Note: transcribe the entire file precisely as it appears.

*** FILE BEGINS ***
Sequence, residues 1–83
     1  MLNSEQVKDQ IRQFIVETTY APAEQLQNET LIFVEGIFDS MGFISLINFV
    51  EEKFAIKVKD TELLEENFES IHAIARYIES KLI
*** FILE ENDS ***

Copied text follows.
Sequence, residues 1–83
     1  MLNSEQVKDQ IRQFIVETTY APAEQLQNET LIFVEGIFDS MGFISLINFV
    51  EEKFAIKVKD TELLEENFES IHAIARYIES KLI